Help for the Home Gardener from the Contra Costa Master Gardener Help Desk
CCMG Help Desk Response:
Thank you for contacting the Contra Costa Master Gardeners with your pomegranate question.
Although pomegranates are known to be drought resistant, they do require even moisture during the growing season to set fruit properly. Our historic drought over the past 3 years has affected many plants and trees ability to cope. How are you irrigating your tree? Are you on drip or sprinkler? Are you watering throughout the root zone of the tree or only close to the trunk? Is the rest of your yard that is close by the tree irrigated? Also, does the tree receive at least 6 hours of sun or have other trees shaded out your pomegranate over the years since it was planted? Because of the drought, the soil is very depleted of moisture, even clay soils which retain water for much longer than other soil types are often quite depleted.
Since you mentioned that the tree drops its flowers in the spring there most likely is some cause for the flowers dropping at that time. Besides wind and/or frost, the flower drop could be moisture stress because of the lack of rain earlier. Checking the moisture level of your soil at flowering time would be beneficial. Using a soil probe to check the moisture or just digging down 6 to 12 inches and checking how moist the soil is by hand are the best methods. The following website will explain how to check moisture content by look and feel. http://www.cdpr.ca.gov/docs/county/training/inspprcd/handouts/soil_moist_feel_test.pdf
Mulching your tree will also help with moisture issues. Placing 2 to 4 inches of mulch throughout the root zone of your tree is appropriate, but also provide 12" of clearance around the trunk.
You mentioned that the tree was sending out lots of branches from the lower trunk. Are these suckers coming up from the root zone or actual branches coming off the main trunk?. Does your tree have one central trunk or many trunks coming up from the ground? If the tree is spending a lot of energy making vegetative growth it may not have enough left over to spend on fruit. Removal of water sprouts and/or branches below the bud graft (if any) is also recommended. See the links below for more information on this.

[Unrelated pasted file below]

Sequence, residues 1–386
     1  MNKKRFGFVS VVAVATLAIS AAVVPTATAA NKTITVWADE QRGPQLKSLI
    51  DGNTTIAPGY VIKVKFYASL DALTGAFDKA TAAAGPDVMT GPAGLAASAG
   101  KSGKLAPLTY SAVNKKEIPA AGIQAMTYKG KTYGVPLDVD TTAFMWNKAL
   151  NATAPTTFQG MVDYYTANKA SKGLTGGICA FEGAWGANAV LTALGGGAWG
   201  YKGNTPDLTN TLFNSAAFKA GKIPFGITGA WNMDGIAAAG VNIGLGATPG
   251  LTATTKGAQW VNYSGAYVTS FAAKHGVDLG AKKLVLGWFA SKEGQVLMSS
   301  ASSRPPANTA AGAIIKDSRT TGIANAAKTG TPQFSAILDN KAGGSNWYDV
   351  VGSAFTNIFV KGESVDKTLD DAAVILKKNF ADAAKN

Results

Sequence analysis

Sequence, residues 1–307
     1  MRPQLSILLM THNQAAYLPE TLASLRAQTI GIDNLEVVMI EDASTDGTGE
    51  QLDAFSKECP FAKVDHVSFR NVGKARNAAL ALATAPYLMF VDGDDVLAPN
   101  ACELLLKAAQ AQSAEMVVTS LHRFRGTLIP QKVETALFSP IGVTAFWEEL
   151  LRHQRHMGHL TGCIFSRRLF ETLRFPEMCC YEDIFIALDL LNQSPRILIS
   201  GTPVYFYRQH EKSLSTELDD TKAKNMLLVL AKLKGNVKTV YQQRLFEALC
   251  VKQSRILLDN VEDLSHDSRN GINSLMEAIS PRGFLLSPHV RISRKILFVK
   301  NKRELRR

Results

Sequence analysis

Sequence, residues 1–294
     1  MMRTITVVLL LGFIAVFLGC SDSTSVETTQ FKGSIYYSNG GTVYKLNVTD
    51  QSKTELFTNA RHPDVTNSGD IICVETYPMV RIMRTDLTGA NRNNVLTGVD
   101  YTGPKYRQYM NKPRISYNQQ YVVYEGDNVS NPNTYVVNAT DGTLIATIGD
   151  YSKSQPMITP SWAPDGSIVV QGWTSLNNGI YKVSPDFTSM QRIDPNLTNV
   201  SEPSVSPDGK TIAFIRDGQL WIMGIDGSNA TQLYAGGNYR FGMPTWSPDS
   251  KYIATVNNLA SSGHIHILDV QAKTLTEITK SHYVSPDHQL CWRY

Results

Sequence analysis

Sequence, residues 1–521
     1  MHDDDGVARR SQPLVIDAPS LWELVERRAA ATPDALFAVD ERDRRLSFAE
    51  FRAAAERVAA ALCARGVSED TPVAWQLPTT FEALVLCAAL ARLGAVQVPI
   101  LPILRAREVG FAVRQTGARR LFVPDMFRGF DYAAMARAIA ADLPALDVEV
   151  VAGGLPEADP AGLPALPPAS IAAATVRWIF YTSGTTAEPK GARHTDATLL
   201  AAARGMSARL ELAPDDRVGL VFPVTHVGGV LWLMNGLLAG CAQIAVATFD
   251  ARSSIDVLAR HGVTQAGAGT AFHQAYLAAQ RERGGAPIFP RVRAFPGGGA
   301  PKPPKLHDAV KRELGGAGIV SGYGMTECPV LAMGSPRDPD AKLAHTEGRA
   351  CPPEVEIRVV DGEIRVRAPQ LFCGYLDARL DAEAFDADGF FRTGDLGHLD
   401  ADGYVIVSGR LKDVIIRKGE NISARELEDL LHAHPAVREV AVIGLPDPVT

You also mentioned that your tree is 30-40 years old. Some varieties of pomegranate decline after 15 to 20 years of production, although others can live for 100+ years. Most slow down production in the 20-25 year range.
It appears that it may be several reasons for your lack of fruit production. Drought conditions, lack of irrigation and age of the tree being the most likely.
For more information on Pomegranate care please refer to the following websites, including an online book on pomegranate care.
Hope that information helps you. Please feel free to ask more questions if need be. Best of luck with your pomegranate tree.
Contra Costa Master Gardeners Help Desk
Editor's Note: The Contra Costa Master Gardener Help Desk is available year-round to answer your gardening questions. Except for a few holidays, we're open every week, Monday through Thursday from 9:00 am to Noon at 75 Santa Barbara Road, 2d Floor, Pleasant Hill, CA 94523.